Building our box out of wood?

MTVR

Well-known member
So it sounds like I need to be able to heat/cool/dehumidify whatever volume of air we need to exchange, and we only need enough insulation for the relatively small amount of space that we are doing that in. Am I sneaking up on it?
 

rruff

Explorer
I prefer to think of it as two different things that result in heat loss. One is heating up the ventilation air, and the other is what you lose by conduction through the walls/windows/doors. Insulation can only address the later. You reach the point of diminishing returns with thinner walls (lower R) than you'd have in a house.
 

MTVR

Well-known member
Okay, so if we use walls that aren't thinner than a house (higher R-value), then we would reach that point of exchange air heating/cooling diminishing returns later- is that right?
 

IdaSHO

IDACAMPER
Your overthinking it.

Don't concern yourself about household R-values.
They simply do not apply directly.

Think of your camper like an ice-chest, and build it as such.
You want it air tight and insulated well. Then apply venting as needed.

Yes, air exchange is critical, especially in lower temps.
But not to the degree that is being considered here.

With a small roof vent and cracking a window, we rarely have condensation issues, even in cold temps with two adults and two dogs.
ANY ventilation makes the concern a non-issue.
 

rruff

Explorer
With a small roof vent and cracking a window, we rarely have condensation issues, even in cold temps with two adults and two dogs.
ANY ventilation makes the concern a non-issue.
We are discussing the merits of having 6" foam filled studs for the walls. The need for ventilation negates the benefit of high R in the walls. Yours are 1.5" thick...?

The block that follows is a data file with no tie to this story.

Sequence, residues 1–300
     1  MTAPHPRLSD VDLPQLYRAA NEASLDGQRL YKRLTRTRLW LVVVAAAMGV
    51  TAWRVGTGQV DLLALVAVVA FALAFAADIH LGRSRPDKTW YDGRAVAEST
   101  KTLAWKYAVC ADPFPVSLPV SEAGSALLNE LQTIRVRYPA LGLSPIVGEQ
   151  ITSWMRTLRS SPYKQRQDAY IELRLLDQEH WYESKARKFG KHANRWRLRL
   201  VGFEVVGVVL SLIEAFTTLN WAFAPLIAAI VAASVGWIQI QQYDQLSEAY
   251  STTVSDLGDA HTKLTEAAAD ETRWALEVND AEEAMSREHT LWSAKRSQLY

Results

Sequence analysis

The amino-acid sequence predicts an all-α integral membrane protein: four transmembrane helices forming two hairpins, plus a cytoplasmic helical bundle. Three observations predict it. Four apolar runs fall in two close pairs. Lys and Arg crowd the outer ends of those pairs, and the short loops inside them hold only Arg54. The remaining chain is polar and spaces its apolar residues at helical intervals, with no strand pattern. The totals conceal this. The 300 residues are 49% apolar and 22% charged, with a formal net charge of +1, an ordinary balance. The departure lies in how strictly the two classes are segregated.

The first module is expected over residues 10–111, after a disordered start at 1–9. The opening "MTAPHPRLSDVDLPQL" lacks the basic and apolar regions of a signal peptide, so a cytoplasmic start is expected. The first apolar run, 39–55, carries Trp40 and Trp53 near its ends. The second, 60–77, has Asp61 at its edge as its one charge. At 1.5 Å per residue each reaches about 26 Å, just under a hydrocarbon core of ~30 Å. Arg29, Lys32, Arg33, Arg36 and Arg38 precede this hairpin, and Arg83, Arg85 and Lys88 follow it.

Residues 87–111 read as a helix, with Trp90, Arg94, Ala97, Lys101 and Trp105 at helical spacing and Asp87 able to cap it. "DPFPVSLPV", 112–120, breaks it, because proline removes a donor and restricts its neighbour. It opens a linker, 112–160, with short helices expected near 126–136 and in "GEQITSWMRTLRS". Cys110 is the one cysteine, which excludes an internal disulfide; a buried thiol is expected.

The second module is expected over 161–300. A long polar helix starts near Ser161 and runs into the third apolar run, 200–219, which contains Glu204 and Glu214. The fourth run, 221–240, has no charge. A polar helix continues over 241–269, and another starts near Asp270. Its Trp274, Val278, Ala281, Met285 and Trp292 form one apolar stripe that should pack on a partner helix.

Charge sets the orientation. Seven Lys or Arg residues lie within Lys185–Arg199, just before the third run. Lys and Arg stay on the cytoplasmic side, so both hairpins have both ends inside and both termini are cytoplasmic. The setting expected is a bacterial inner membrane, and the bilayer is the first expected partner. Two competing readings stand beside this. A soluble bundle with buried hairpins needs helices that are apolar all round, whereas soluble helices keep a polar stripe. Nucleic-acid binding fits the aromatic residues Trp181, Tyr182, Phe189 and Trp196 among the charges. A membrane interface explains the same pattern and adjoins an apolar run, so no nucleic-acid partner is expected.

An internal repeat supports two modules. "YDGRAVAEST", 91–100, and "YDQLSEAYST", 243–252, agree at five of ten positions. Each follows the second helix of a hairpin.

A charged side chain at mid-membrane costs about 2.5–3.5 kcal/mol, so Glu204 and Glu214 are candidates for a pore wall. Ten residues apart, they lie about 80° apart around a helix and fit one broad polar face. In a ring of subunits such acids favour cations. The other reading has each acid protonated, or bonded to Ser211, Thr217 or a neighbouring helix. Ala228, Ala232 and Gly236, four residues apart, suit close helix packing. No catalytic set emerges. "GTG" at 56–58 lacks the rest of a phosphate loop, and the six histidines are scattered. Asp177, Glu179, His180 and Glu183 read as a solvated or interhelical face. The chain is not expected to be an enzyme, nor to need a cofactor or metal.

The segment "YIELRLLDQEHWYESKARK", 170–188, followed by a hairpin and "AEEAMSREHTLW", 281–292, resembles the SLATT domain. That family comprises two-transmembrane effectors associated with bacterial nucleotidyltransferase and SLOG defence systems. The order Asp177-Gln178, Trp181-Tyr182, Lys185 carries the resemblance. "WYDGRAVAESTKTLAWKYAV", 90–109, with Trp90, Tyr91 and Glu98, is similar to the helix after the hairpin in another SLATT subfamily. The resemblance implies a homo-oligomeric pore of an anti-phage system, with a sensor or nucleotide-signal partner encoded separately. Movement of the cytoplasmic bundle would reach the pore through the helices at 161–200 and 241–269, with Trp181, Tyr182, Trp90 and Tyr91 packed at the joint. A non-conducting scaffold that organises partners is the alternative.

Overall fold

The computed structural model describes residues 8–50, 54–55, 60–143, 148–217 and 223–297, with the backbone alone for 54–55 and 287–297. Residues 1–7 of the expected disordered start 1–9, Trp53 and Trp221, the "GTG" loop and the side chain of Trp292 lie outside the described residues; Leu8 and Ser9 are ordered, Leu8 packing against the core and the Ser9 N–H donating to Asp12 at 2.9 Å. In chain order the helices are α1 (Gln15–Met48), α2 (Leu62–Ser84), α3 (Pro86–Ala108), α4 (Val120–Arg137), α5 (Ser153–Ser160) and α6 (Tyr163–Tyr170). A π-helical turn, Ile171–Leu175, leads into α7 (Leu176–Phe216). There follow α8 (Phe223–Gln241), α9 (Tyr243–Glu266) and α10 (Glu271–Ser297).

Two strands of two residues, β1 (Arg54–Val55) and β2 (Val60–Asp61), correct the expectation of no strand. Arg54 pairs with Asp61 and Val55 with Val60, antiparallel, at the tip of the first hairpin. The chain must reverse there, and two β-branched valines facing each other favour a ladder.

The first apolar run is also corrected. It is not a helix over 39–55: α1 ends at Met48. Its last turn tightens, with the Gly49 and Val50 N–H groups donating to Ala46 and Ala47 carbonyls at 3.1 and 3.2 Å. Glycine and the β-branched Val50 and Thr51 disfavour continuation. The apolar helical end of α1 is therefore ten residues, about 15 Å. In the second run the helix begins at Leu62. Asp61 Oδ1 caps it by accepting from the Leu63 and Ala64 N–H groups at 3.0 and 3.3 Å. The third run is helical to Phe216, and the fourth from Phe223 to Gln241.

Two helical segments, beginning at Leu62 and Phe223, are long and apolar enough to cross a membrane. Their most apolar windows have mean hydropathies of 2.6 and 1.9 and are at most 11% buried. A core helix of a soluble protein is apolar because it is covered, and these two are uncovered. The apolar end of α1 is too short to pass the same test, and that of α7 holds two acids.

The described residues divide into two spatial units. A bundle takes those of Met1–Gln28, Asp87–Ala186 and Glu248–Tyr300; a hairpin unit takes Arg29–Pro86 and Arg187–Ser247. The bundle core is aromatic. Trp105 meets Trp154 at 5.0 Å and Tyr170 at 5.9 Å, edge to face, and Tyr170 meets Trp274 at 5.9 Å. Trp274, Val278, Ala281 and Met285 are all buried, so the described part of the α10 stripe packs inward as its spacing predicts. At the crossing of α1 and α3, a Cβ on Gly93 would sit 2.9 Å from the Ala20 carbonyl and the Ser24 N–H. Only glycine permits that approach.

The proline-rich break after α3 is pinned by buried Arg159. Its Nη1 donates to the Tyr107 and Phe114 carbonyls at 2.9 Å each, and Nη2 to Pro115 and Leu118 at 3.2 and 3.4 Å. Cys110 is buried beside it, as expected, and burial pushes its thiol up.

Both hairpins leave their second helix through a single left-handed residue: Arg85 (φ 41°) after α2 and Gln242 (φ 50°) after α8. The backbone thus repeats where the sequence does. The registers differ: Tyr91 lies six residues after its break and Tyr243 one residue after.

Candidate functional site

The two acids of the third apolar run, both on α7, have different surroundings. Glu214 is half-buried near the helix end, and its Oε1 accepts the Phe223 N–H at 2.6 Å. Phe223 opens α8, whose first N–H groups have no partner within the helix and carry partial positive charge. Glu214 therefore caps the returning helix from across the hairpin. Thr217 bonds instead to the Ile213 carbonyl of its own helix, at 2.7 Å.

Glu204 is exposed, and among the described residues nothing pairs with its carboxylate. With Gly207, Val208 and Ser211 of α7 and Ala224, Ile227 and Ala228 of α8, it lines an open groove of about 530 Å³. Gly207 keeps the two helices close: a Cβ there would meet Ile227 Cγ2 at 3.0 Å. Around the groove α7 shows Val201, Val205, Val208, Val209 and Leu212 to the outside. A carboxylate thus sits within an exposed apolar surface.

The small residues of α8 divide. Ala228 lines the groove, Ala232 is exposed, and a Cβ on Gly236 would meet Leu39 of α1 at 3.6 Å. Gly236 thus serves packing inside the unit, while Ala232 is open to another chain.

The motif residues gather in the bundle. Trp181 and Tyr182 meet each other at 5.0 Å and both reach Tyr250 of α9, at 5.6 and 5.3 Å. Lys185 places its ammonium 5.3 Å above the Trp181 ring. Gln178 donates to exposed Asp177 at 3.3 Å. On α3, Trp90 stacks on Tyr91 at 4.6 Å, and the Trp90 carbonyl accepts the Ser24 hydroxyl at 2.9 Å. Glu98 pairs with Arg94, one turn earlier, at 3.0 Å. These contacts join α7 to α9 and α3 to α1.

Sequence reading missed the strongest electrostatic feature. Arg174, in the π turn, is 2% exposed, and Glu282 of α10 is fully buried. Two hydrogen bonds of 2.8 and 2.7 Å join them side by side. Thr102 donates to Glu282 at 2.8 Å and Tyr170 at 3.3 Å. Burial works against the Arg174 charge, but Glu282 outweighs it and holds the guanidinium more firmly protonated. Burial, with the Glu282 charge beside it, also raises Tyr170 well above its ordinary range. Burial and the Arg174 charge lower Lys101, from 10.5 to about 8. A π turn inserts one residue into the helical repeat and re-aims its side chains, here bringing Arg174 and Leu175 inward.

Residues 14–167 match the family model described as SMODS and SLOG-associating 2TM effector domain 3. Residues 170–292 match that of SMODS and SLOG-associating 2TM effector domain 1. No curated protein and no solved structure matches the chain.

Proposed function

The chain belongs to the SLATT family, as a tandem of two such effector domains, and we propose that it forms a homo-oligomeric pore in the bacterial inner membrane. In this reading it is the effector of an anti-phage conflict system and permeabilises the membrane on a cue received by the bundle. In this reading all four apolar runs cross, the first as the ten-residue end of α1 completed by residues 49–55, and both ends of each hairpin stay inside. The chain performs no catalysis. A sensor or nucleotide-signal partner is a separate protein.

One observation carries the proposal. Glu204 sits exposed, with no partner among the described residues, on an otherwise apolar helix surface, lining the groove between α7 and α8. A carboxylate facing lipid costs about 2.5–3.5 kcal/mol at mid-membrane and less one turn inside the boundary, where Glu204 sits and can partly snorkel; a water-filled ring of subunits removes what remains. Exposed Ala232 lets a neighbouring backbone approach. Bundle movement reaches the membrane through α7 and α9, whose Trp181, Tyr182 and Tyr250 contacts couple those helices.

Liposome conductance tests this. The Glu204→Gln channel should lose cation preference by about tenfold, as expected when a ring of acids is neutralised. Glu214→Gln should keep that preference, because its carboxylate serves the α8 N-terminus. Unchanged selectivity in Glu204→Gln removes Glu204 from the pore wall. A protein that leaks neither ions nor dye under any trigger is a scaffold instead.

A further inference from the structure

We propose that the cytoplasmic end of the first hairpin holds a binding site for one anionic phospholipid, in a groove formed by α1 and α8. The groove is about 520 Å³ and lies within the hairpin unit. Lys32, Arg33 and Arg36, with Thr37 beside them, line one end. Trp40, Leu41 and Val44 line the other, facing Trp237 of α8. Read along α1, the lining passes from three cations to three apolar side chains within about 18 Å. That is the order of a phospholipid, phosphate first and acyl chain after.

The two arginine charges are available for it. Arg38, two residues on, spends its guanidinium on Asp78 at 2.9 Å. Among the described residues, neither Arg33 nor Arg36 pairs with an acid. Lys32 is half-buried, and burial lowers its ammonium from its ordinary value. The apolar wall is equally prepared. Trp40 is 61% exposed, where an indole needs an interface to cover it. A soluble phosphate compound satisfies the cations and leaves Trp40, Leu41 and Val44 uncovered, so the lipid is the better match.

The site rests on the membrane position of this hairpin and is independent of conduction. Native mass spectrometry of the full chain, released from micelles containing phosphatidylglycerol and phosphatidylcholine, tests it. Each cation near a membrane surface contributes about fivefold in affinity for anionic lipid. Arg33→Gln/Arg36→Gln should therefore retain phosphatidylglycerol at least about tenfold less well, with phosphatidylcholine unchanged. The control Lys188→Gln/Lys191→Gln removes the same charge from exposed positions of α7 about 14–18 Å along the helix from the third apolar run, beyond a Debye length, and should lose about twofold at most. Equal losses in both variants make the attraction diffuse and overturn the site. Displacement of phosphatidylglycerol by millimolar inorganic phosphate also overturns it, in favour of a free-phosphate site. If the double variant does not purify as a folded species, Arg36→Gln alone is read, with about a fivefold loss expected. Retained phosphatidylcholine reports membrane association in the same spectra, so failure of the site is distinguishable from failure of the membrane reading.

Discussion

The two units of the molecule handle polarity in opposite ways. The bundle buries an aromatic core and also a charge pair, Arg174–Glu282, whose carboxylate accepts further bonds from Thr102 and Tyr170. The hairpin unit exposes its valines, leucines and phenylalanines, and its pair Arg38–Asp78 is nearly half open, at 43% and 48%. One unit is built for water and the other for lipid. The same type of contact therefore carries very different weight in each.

Okay, so if we use walls that aren't thinner than a house (higher R-value), then we would reach that point of exchange air heating/cooling diminishing returns later- is that right?
The diminishing returns are in the wall. "Optimal" wall R value in a camper will be less than it is in a house.
 

IdaSHO

IDACAMPER
We are discussing the merits of having 6" foam filled studs for the walls. The need for ventilation negates the benefit of high R in the walls. Yours are 1.5" thick...?
We are talking about a large camper, are we not? So no, the need for ventilation does NOT negate the benefit of high R in the walls.
Every time you increase the volume and surface area of the camper, the need for insulation increases.

BTW, these are the comments that I feel are a bit off the mark.
Again, yes, this is a consideration, but not to the degree these comments seem to make them.

You need a good amount of constant air exchange, and you'll need that regardless of how good your insulation is.
Instead of "good amount", Id suggest "enough"
Which, in my experience, is less than most would think.

you will need to constantly bring in fresh air, or it will get uncomfortablely humid pretty quickly.
Constant is not required, especially when most people remain in their camper at MOST for 6-8 hours at a time.
Every time you open the door you have a large exchange of air. "Constant" air exchange is not needed, unless you run the actual numbers...